MGIC Investment (MTG) has staged a powerful rally from the depths of the Covid-19 lows in early April. The thesis of this article is that the stock is potentially very attractive, but there is a speculative element to buying it here due to the lack of an apparent horizon for when, and if, excess capital will be released to shareholders.
I was positive on MTG in 2016-17, when I regarded it as an undervalued recovery play. Anyone wishing to read about the company’s recovery from the 2008 financial crisis, should click here.
Here is my conclusion from my last article on the stock.
Investors looking for capital appreciation should buy MTG now. In addition to the strong EPS outlook and still-cheap PE, we have a stock that is returning to dividend distribution, having focused resources on building capital and debt rationalization for the last eight years. Here is an article from last year in which I look at the debt dynamics closely.
MGIC’s risk to capital ratio has fallen again recently from 12.6:1 to 11:1. The company is now overcapitalized to the eye of this analyst. Consider the ROE of the business, which is about 14%, and the rate of growth of risk in force, which is what the capital backs, 6%. The bit in the middle between these two, should be finding its way back to shareholders. The pressure for this to happen will bring more investors to MTG and put it on the radar of income investors soon.
The stock price peaked shortly after I wrote that article, and went sideways in a wide range ($10-14) before being crushed in the Covid-19 sell-off in March this year, mirroring leading bank stocks. Trump’s tax cut had washed through the economy and there was a major trade dispute with China. As this posed questions over growth, growth-geared, credit-driven financial sector stocks like MTG went into watch and wait mode.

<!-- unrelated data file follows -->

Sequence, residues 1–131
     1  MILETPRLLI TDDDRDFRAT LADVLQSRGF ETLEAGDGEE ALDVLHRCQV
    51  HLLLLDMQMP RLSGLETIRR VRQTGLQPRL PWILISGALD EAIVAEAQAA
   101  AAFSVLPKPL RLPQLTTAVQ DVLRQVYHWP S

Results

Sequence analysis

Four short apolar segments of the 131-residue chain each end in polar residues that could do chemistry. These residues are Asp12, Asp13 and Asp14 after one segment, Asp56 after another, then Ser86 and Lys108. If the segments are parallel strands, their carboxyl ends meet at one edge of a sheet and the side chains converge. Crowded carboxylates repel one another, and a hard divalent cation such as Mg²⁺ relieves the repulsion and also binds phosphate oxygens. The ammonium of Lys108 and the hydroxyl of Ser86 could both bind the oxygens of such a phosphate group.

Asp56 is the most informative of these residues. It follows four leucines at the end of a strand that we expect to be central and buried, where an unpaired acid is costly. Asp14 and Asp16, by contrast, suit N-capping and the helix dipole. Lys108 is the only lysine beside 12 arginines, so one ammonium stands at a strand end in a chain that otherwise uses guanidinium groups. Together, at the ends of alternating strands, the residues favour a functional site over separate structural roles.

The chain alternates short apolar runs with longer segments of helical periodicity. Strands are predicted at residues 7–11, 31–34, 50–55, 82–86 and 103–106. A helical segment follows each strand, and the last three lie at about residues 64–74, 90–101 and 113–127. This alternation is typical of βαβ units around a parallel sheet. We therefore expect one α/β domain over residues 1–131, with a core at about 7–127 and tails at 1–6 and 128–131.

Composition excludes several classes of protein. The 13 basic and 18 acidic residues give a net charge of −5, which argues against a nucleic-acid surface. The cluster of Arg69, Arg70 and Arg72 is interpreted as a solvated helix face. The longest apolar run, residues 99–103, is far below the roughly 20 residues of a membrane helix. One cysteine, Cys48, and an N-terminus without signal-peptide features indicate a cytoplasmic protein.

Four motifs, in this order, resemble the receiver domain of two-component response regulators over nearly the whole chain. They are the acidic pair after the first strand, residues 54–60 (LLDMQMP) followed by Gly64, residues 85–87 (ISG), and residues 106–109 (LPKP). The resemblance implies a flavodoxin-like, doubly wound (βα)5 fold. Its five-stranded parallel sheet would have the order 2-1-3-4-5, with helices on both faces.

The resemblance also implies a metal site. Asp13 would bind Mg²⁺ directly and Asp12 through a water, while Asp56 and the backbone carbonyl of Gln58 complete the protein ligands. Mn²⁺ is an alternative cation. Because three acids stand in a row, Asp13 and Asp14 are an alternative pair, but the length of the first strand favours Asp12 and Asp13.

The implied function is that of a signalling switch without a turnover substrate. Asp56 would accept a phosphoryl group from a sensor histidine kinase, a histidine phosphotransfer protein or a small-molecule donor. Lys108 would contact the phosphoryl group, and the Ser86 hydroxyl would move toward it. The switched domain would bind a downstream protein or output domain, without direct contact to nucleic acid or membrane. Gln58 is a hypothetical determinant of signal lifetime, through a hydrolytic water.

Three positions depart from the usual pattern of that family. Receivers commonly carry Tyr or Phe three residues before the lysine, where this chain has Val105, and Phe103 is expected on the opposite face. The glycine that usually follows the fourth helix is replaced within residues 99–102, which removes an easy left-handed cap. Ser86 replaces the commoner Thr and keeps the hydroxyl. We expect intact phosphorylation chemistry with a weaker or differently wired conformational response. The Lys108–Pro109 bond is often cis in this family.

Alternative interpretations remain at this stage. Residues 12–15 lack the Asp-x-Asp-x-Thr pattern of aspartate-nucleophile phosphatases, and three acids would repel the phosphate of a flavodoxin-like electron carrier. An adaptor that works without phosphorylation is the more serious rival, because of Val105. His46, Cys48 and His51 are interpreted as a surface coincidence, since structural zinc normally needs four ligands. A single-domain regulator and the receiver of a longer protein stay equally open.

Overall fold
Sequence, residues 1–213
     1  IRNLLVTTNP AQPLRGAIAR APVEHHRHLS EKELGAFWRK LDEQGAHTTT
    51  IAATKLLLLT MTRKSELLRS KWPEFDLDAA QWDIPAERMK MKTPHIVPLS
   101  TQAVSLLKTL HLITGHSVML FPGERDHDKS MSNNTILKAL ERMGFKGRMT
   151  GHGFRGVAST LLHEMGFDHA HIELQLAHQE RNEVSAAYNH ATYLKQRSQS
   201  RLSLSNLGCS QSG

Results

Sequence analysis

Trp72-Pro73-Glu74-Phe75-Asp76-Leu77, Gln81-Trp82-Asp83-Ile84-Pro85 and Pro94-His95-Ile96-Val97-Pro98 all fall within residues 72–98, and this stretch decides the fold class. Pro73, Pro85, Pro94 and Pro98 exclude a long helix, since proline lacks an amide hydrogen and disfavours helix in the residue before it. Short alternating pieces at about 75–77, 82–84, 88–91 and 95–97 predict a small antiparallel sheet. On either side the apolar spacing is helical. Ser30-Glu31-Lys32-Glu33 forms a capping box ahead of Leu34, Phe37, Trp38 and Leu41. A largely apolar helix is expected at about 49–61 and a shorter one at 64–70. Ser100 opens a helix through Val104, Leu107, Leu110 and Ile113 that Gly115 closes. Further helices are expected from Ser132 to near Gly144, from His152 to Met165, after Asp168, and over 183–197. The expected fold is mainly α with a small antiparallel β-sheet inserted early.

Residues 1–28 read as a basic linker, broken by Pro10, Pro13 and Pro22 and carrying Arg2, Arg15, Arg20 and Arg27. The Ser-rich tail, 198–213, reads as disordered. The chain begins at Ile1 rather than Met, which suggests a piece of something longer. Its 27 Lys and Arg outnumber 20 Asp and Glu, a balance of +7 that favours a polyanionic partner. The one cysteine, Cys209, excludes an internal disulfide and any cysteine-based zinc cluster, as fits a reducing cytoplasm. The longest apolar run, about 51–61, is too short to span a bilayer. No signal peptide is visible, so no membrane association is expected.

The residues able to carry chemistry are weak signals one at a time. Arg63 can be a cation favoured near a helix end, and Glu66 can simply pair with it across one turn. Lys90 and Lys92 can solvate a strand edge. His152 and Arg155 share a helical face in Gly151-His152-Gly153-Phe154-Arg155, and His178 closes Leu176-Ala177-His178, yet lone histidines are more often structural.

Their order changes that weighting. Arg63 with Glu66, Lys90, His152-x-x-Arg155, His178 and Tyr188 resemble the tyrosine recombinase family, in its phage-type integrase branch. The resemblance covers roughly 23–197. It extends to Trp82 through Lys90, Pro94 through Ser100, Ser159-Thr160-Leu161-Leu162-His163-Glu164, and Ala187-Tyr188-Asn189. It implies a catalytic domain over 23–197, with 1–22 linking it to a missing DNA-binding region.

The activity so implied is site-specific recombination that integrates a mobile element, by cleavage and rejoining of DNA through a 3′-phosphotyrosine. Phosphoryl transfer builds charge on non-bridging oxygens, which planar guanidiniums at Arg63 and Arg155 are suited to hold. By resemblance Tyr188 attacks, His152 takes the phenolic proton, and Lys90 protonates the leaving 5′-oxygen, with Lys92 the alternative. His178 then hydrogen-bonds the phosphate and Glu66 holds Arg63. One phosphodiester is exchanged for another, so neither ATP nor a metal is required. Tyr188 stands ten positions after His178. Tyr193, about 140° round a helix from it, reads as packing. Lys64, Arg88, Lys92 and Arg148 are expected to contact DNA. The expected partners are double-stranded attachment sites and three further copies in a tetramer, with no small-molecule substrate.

After the partial recovery from the Covid-19 sell-off, where does MTG stand?
The business is in good shape
The main dynamics in the chart below are steady growth in revenues, chiefly driven by net premiums earned but also boosted by investment income in 2018-19, lower insurance losses as its higher-quality books (MTG deliberately targeted a lower risk business mix post-2008) give lower loss tendencies, and, as a result, stronger pre-tax profit.
Source: Company data
Given I said the fundamental outlook was strong, and dividends were coming into the picture, I am pleased to see the P&L trends above, along with dividends restarting and the stunning developments in EPS, which hit $1.85 in 2019 from $0.86 in 2016.
Now, over the first half of 2020, the bottom line has been cut in half due to elevated risk charges that reflect a prudent approach to managing the Covid-19 recession. MTG has continued to write new business and management says they are extremely happy with the new risk taken on.
I don’t want to get bogged down in the Covid-19-related outlook for MTG.
The sideways performance of the stock in 2018-19 doesn’t really do justice to the strength in the P&L, and with the hit in March 2020, and the partial nature of the recovery so far, the stock seems very attractive in P/E terms.
In few markets globally could the P/E ratios MTG trades on currently be regarded as challenging.
Source: Nasdaq Estimates
So it’s cheap. The issue concerns the dividend yield. Dividends are being determined quarter to quarter at the current time, given the risks of losses due to Covid-19, but the stop-start of dividend flows in these exceptional circumstances isn’t really the point here. The point is that the normalised yield is not very high. The current yield is 2.48% (current dividend policy is to pay $0.06 per share per quarter). And remember, this is a depressed share price reflecting the recessionary conditions in the economy. When MTG was trading around $15, the yield was 1.6%.
Capital should now be the centre of shareholder focus